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the Complete Review
the complete review - fiction



Epitaph for a Dead Beat

by
David Markson


general information | review summaries | our review | links | about the author

To purchase Epitaph for a Dead Beat



Title: Epitaph for a Dead Beat
Author: David Markson
Genre: Novel
Written: 1961
Length: 199 pages
Availability: in: Epitaph for a Tramp/Epitaph for a Dead Beat - US
in: Epitaph for a Tramp/Epitaph for a Dead Beat - UK
in: Epitaph for a Tramp/Epitaph for a Dead Beat - Canada
Nachruf auf einen toten Beatnik - Deutschland

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Our Assessment:

B+ : enjoyable beat-pulp

See our review for fuller assessment.




Review Summaries
Source Rating Date Reviewer
Rev. of Contemp. Fiction . Fall/2007 David Cozy
TLS . 25/5/2007 Stephen Burn


  From the Reviews:
  • "They have some deft dialogue but their clusters of literary allusions strain the boundaries of the crime genre." - Stephen Burn, Times Literary Supplement

Please note that these ratings solely represent the complete review's biased interpretation and subjective opinion of the actual reviews and do not claim to accurately reflect or represent the views of the reviewers. Similarly the illustrative quotes chosen here are merely those the complete review subjectively believes represent the tenor and judgment of the review as a whole. We acknowledge (and remind and warn you) that they may, in fact, be entirely unrepresentative of the actual reviews by any other measure.

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The complete review's Review:

       Epitaph for a Dead Beat brings back 'private cop' Harry Fannin, and this time he gets himself fully immersed in the New York beatnik scene of the day, allowing author Markson to indulge in spreading on the colour real thick -- and giving him plenty of room (well, that's how he sees it, anyway) for the literary asides and commentary.
       The novel gets off to a fast start, as one thing leads to another and Fannin finds himself defending a girl's honour in a downtown bar (since her wussy male companions -- "I got the impression that neither of them would have been chagrined if I got the impression they were writers" -- don't want to have anything to do with it). He walks her home, but with his typical luck (and the requirements of the genre) makes the mistake of peeking into her roommate's room -- and finding the girl is home after all. Home, and dead.
       It's not the only body Fannin is the first to stumble upon (though by the third one he knows at least what to expect) -- which makes the police kind of suspicious.
       After discovering that first body he gets a case -- a very unlikely millionaire looking for his daughter -- which sends him back to the Village-scene, and into more trouble, and, soon enough, gets him another body at his feet. The murders (and the next one) are related, and it seems straightforward enough: motive, opportunity, it's all there. But it turns out to be a bit more complicated -- and a literary caper, after all. Markson nicely doesn't make the twist of who dunnit the final one, but rather adds the frustrating complication of how hard it is to pin the murder on the right person even when he knows who is responsible (and even gets the whole story from the murderer's own mouth)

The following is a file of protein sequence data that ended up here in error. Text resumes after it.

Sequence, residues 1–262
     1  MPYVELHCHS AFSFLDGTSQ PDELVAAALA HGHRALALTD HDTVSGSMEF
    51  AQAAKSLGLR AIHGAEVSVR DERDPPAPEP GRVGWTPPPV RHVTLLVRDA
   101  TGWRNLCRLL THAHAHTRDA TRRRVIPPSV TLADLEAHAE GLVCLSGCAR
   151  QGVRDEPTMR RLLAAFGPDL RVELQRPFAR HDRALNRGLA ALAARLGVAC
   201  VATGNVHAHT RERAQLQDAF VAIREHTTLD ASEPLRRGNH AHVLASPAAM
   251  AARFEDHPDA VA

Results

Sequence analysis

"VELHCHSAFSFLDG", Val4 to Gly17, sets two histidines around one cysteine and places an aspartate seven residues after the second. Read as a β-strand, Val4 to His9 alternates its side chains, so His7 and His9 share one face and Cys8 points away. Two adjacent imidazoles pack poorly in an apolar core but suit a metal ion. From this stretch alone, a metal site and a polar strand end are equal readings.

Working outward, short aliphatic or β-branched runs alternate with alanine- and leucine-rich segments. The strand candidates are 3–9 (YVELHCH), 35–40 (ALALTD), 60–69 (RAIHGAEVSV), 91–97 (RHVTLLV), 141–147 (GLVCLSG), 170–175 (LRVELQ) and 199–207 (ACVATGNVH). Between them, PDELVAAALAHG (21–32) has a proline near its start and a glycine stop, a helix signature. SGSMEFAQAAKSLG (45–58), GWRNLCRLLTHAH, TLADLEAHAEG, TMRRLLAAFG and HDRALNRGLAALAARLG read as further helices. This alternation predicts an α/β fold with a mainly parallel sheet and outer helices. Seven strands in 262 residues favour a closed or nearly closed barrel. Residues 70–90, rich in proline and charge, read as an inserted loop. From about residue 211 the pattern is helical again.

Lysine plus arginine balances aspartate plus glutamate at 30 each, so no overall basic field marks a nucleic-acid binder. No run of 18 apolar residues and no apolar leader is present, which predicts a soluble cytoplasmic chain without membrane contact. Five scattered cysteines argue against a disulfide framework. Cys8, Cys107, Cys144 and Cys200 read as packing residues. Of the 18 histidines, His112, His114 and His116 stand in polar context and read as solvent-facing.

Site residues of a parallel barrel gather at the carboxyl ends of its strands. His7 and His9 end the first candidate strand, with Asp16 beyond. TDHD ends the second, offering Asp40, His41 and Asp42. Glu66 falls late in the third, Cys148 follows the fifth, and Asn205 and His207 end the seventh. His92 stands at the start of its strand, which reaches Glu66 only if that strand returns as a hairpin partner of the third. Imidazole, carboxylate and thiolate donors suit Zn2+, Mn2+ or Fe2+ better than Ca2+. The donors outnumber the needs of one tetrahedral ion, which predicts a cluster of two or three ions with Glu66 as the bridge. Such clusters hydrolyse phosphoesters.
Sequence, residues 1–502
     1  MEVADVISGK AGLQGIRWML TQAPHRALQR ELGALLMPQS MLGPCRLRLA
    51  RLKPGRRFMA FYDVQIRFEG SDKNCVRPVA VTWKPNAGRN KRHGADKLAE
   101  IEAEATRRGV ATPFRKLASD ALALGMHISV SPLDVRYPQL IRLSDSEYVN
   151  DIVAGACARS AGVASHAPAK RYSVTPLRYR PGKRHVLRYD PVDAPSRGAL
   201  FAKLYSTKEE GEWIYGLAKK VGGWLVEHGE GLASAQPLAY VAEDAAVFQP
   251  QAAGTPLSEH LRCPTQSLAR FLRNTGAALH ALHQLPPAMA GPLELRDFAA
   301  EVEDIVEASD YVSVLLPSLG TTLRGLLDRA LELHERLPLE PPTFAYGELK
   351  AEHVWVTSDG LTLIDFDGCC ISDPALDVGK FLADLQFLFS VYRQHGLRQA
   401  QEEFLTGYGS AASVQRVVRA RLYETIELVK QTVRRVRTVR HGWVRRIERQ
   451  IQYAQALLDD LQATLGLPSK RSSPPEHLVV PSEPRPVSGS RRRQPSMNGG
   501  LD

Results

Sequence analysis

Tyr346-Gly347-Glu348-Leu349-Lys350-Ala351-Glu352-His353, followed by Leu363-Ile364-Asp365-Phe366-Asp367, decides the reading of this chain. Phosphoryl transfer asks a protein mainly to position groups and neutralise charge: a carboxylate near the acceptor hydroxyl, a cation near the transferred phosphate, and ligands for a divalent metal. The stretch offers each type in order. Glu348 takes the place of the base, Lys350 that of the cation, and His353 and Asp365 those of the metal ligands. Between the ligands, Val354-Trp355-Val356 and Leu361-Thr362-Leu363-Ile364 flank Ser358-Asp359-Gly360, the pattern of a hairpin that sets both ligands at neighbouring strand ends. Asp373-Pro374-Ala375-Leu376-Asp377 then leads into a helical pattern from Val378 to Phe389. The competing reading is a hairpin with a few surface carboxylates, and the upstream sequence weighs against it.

Markson goes a bit overboard with the quirks, from the giant millionaire ("Tallest man since Wilt the Stilt" is how someone describes him) -- and his name -- to the bohemian jive-talk and the whole beat scene. Still it's fast and often fun. Fannin gets bashed around some along the way, a weapon pointed at him nearly every times he opens a door, it sometimes seems, and there are perhaps one or two too many turns (or layers) to the plot (including a teammate from his University of Michigan football-playing days), but Markson offers enough else along the way to make up for most of the exaggerated parts. And he does have some good literary fun along the way -- from what Fannin is reading when the story starts ("Lolita, a sad story about a twelve-year-old girl who couldn't find anyone her age to play with" -- a line good enough that Markson may well have written the whole book just so he could throw that in there) -- to the beat-scene (including an amusing background refrain at a party, despairing about any number of authors -- e.g. ""-- Somerset Maugham ?" a voice wailed. "Somerset Maugham !" ").
       Looser and more playful than Epitaph for a Tramp, it doesn't have quite the same power as that first Fannin novel, but it's still a very enjoyable and highly readable pulp thriller, with some good twists and some clever dialogue and descriptions.

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Links:

Reviews: David Markson: Other books by David Markson under review: Other books of interest under review:

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About the Author:

       American author David Markson was born in 1927 and died in 2010.

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© 2007-2010 the complete review

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